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Moby-Dick: Reading the White Whale

at Brooklyn Institute for Social Research - Midtown

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Midtown, Manhattan
247 West 37th St 5th Fl
Btwn 7th & 8th Avenues
New York, New York 10018
Due to public health concerns, the course will be held online, barring a subsidence
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Class Level: All levels
Age Requirements: 21 and older
Average Class Size: 12

Flexible Reschedule Policy: This provider has flexible, free rescheduling for any-in person workshop. Please see the cancellation policy for more details

What you'll learn in this fiction class:

We now think of Moby-Dick as the canonical American novel. During Melville’s lifetime, however, his “wicked book,” as he called it in a letter to Nathaniel Hawthorne, was a popular failure. The book sank into obscurity along with Melville’s reputation until  20th-century readers recovered the novel and refashioned it as a neglected masterpiece. 

Nominally the story of a monomaniacal sea captain’s pursuit of revenge against Moby Dick, the great white whale, this encyclopedic novel synthesizes a bewildering array of questions about (among other things): obsession, ethics, knowledge, chaos and divine order, the nature of the self and the social order, nationhood, race, ethnicity, slavery and abolition, masculinity and desire, labor and war, 19th-century popular culture, justice and injustice, ecology and zoology (particularly cetology—the study of whale physiology and habits), literary history, aesthetic value, and the limits of representation. 

Part rollicking maritime adventure tale, part philosophical inquiry, part treatise on sea-going ecosystems, Moby-Dick is a text of radical, maddening plethora. As the socialist historian C.L.R. James remarked (in a work written while James was detained by the Department of Immigration on Ellis Island), “the whale and whaling turn out to be a thread on which is hung a succession of pictures portraying the history of the world . . . [h]e wishes to include in his book everything.” Where to begin with a novel that sets out to swallow the universe?

Our consideration of the white whale will resist, at all costs, the attempt to restrict Moby-Dick to a single overarching moral, theme, or symbolic meaning. Instead, we’ll start from the premise that ambiguity—the multiplicity of meanings readers can assign to both the novel and the white whale—is central to how Moby-Dick asks to be read, how it has mattered historically, and how it matters today.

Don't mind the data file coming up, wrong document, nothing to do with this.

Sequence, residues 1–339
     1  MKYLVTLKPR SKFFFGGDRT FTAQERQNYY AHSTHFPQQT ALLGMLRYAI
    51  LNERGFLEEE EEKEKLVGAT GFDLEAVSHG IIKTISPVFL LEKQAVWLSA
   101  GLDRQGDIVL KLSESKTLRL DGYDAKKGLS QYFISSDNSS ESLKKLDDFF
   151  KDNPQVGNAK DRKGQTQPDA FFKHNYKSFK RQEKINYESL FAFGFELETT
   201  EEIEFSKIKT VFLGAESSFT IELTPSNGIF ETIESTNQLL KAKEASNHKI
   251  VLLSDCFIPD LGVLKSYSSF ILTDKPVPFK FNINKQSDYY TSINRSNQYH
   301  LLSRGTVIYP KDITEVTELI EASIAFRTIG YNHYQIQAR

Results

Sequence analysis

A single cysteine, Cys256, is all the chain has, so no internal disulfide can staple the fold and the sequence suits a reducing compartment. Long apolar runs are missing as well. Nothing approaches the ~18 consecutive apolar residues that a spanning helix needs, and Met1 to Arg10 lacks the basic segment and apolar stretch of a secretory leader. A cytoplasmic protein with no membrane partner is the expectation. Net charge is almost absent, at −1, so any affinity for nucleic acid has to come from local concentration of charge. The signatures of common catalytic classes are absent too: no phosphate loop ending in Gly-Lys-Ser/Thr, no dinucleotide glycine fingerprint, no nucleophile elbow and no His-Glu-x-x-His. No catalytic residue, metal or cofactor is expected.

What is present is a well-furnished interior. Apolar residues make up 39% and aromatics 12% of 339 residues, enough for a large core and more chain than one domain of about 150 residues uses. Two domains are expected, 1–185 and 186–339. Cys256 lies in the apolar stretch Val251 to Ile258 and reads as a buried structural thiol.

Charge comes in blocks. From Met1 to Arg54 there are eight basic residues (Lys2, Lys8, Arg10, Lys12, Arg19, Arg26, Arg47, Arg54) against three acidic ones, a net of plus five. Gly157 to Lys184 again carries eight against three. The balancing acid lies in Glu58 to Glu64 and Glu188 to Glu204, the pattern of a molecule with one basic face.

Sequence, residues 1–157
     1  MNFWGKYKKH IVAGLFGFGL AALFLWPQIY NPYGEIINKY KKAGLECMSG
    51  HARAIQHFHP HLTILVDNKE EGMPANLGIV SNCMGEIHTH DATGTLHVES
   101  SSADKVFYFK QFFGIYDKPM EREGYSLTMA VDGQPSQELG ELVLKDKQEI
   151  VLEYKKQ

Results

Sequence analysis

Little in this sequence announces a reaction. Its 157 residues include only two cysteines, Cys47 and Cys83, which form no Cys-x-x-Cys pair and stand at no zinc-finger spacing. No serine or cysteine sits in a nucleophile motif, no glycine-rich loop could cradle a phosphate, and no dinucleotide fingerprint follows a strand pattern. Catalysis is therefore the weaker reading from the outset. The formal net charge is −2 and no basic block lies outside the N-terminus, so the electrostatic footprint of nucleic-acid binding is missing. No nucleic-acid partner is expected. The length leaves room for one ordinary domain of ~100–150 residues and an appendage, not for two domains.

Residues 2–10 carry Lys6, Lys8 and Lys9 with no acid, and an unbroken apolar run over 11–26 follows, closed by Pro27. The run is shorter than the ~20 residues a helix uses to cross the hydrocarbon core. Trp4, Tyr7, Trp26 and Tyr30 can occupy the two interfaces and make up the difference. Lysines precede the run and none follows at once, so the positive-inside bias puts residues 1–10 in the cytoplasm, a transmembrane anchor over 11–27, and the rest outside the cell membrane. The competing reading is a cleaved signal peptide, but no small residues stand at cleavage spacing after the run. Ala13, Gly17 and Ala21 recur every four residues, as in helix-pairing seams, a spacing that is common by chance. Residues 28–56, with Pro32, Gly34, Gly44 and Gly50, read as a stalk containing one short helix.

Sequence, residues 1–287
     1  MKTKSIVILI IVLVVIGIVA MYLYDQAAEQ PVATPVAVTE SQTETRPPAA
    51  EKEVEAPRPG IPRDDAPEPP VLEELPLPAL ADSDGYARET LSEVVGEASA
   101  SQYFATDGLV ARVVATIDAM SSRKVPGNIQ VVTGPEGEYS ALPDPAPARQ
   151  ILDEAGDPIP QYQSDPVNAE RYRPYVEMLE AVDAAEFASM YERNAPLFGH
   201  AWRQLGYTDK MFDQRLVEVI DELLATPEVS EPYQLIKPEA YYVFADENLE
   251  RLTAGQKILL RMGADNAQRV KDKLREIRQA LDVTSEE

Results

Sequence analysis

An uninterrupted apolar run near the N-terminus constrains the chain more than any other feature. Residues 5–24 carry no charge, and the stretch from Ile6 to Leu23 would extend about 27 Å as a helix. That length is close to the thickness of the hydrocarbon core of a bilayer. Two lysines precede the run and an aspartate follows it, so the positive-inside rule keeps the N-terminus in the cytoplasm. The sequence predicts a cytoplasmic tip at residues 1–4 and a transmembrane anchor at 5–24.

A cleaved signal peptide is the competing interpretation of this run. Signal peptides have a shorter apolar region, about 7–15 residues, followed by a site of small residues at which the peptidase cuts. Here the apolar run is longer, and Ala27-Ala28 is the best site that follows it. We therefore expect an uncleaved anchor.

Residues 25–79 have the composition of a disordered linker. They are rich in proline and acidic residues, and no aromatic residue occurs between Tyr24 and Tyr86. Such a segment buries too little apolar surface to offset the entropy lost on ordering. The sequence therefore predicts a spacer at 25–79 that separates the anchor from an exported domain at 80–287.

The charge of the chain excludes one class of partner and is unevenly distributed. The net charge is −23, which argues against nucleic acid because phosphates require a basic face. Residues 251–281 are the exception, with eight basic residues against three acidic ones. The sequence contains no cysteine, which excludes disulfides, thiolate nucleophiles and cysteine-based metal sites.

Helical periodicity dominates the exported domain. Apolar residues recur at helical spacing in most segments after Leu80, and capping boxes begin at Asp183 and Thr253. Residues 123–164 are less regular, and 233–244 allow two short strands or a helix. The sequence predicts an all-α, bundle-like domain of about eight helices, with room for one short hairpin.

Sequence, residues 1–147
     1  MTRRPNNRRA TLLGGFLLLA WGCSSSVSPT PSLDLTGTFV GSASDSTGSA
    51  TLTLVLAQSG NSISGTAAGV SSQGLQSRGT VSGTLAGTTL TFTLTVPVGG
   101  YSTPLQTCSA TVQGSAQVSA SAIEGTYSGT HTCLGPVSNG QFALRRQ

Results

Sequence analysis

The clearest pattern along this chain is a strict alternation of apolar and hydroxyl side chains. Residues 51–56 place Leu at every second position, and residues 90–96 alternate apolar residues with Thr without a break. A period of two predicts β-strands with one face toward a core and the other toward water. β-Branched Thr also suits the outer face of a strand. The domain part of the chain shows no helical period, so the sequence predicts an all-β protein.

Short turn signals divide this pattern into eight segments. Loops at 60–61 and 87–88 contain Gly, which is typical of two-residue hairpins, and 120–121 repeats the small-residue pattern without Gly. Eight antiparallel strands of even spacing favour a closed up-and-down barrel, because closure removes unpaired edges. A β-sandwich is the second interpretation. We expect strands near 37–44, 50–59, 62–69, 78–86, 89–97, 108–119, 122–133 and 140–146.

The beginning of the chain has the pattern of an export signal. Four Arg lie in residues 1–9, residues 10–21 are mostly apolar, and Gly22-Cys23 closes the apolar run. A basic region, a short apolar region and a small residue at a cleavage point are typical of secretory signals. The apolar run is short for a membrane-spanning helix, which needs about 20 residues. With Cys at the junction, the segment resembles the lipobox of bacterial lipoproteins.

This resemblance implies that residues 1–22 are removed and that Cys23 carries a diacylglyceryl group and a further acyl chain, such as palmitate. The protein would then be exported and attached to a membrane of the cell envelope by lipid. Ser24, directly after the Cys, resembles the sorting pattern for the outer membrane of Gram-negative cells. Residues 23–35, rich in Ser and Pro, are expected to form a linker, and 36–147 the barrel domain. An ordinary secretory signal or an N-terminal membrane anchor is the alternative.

The poet Charles Olson said of Melville’s book that “it is America, all of her space, the malice, the root.” Even this grand claim may be, in the end, too narrow. In addition to supplementary texts by Melville and his contemporaries (Dickinson, Douglass, Fuller, Hawthorne, Marx, and Whitman among them), this class will feature selections from Moby-Dick’s critical and creative inheritance. 

The latter are likely to include Lawrence Buell, E.M. Forster, Judith Goldman, D.H. Lawrence, James, Olson, Muriel Rukeyser, Raymond Weaver, and others.

Remote Learning

This course is available for "remote" learning and will be available to anyone with access to an internet device with a microphone (this includes most models of computers, tablets). Classes will take place with a "Live" instructor at the date/times listed below.

Upon registration, the instructor will send along additional information about how to log-on and participate in the class.

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Refund Policy

Note: This provider has a temporary cancellation policy for COVID-19 related cancellations which is as follows:

We'll grant full course credit up to the start of the first class. After the first class we can offer 75% course credit; after the second 50%; and after the third 25%.


Original cancellation policy (non-COVID-19):

Upon request, we will refund the entire cost of a class up until 1 week before its start date. Students who withdraw after that point but before the first class are entitled to a 75% refund. After the first class: 50%. After the second: 25%. No refunds will be given after the third class.


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Reviews of Classes at Brooklyn Institute for Social Research (21)

School: Brooklyn Institute for Social Research

Brooklyn Institute for Social Research

The Brooklyn Institute for Social Research was established in 2011 in Boerum Hill, Brooklyn. Its mission is to extend liberal arts education and research far beyond the borders of the traditional university, supporting community education needs and opening up new possibilities for scholarship in the...

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